the CMS format for S/MIME messages is defined in the CMS format for S/MIME messages is defined in [RFC8551].
[I-D.ietf-lamps-rfc5751-bis].
2.1. Certificate Revocation Lists 2.1. Certificate Revocation Lists
Receiving agents MUST support the Certificate Revocation List (CRL) Receiving agents MUST support the CRL format defined in [RFC5280].
format defined in [RFC5280]. If sending agents include CRLs in If sending agents include CRLs in outgoing messages, the CRL format
outgoing messages, the CRL format defined in [RFC5280] MUST be used. defined in [RFC5280] MUST be used. Receiving agents MUST support
Receiving agents MUST support both v1 and v2 CRLs. both v1 and v2 CRLs.
All agents MUST be capable of performing revocation checks using CRLs All agents MUST be capable of performing revocation checks using CRLs
as specified in [RFC5280]. All agents MUST perform revocation status as specified in [RFC5280]. All agents MUST perform revocation status
checking in accordance with [RFC5280]. Receiving agents MUST checking in accordance with [RFC5280]. Receiving agents MUST
recognize CRLs in received S/MIME messages. recognize CRLs in received S/MIME messages.
Agents SHOULD store CRLs received in messages for use in processing Agents SHOULD store CRLs received in messages for use in processing
later messages. later messages.
2.2. Certificate Choices 2.2. Certificate Choices
Receiving agents MUST support v1 X.509 and v3 X.509 certificates as Receiving agents MUST support v1 X.509 and v3 X.509 certificates as
profiled in [RFC5280]. End-entity certificates MAY include an profiled in [RFC5280]. End-entity certificates MAY include an
Internet mail address, as described in Section 3. Internet mail address, as described in Section 3.
Receiving agents SHOULD support X.509 version 2 attribute Receiving agents SHOULD support X.509 version 2 ACs. See [RFC5755]
certificates. See [RFC5755] for details about the profile for for details about the profile for ACs.
attribute certificates.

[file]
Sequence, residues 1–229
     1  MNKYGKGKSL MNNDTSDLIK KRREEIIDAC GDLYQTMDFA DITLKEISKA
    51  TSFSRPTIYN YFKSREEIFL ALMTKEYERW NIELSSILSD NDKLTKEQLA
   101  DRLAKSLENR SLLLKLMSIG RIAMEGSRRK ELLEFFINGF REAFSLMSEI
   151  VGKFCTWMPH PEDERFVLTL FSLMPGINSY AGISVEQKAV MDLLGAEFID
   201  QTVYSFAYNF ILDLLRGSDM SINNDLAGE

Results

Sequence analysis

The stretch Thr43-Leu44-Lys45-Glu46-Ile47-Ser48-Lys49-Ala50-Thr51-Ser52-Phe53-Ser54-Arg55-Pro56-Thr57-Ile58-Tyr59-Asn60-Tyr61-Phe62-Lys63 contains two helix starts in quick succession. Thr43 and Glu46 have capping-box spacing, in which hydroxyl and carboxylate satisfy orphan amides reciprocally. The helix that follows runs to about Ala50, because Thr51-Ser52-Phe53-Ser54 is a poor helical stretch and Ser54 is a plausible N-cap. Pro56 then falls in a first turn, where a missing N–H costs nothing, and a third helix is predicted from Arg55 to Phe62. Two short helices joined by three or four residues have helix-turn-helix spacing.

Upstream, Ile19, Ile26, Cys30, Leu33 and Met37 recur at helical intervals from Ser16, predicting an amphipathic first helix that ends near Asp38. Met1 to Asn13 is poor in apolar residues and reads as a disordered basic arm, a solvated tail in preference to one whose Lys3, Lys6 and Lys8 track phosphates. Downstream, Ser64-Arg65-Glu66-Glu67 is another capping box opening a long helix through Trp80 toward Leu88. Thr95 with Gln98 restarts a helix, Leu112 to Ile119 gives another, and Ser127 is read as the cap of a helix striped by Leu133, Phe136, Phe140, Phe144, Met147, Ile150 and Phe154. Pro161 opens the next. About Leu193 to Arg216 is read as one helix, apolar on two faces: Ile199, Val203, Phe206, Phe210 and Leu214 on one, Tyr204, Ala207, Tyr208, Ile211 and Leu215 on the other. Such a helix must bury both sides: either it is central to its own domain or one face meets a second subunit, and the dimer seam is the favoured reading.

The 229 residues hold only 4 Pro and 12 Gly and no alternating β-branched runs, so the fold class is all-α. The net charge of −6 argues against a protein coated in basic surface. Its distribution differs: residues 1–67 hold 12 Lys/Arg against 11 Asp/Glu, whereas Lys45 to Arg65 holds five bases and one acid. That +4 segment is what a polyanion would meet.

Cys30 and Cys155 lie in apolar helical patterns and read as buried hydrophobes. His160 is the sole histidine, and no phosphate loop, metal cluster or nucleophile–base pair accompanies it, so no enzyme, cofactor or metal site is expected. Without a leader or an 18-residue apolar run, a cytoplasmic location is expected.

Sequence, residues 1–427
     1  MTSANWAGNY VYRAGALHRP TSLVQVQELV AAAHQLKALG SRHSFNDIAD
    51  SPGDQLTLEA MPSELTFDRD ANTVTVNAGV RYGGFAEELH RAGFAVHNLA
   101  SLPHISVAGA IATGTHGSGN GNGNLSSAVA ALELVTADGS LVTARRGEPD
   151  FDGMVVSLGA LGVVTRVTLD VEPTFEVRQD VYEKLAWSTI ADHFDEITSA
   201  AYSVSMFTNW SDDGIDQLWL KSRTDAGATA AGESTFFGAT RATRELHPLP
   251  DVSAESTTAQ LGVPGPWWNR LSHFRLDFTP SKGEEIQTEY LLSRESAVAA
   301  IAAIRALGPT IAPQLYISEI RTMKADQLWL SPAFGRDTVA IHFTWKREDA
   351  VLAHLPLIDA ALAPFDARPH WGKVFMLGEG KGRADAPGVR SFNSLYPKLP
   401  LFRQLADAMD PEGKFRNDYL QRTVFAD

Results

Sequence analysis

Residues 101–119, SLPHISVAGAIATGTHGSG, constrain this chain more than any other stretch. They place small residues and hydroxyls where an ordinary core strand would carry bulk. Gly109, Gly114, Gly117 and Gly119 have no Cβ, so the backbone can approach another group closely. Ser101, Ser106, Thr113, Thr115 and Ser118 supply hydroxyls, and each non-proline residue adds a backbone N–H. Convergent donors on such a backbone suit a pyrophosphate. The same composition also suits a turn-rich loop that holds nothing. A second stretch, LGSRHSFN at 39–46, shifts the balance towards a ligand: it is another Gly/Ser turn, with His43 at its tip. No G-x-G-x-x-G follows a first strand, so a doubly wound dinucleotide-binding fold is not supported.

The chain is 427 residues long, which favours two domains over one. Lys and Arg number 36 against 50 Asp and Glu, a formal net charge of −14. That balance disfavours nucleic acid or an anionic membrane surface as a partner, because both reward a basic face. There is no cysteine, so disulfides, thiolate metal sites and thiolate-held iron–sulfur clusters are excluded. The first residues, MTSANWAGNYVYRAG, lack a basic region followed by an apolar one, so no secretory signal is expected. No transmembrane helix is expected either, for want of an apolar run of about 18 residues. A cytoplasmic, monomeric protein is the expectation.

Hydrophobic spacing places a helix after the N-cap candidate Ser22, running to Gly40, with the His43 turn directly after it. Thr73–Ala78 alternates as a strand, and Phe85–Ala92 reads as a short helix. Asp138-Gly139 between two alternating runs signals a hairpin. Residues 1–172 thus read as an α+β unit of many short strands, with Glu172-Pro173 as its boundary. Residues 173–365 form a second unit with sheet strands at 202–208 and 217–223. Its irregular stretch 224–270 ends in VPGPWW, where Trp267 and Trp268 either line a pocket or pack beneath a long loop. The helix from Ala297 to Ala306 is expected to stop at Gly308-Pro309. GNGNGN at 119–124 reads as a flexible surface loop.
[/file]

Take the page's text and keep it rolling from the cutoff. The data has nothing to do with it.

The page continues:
2.2.1. Historical Note about CMS Certificates 2.2.1. Historical Note about CMS Certificates
The CMS message format supports a choice of certificate formats for The CMS message format supports a choice of certificate formats for
public key content types: PKIX, PKCS #6 extended certificates public key content types: PKIX, PKCS #6 extended certificates
[PKCS6], and PKIX attribute certificates. [PKCS6], and PKIX ACs.
The PKCS #6 format is not in widespread use. In addition, PKIX The PKCS #6 format is not in widespread use. In addition, PKIX
certificate extensions address much of the same functionality and certificate extensions address much of the same functionality and
flexibility as was intended in the PKCS #6. Thus, sending and flexibility as was intended in the PKCS #6 certificate extensions.
receiving agents MUST NOT use PKCS #6 extended certificates. Thus, sending and receiving agents MUST NOT use PKCS #6 extended
Receiving agents MUST be able to parse and process a message certificates. Receiving agents MUST be able to parse and process a
containing PKCS #6 extended certificates although ignoring those message containing PKCS #6 extended certificates, although ignoring
certificates is expected behavior. those certificates is expected behavior.
X.509 version 1 attribute certificates are also not widely X.509 version 1 ACs are also not widely implemented and have
implemented, and have been superseded with version 2 attribute been superseded by version 2 ACs. Sending agents MUST NOT send
certificates. Sending agents MUST NOT send version 1 attribute version 1 ACs.
certificates.
2.3. CertificateSet 2.3. Included Certificates
Receiving agents MUST be able to handle an arbitrary number of Receiving agents MUST be able to handle an arbitrary number of
certificates of arbitrary relationship to the message sender and to certificates of arbitrary relationship to the message sender and to
each other in arbitrary order. In many cases, the certificates each other in arbitrary order. In many cases, the certificates
included in a signed message may represent a chain of certification included in a signed message may represent a chain of certification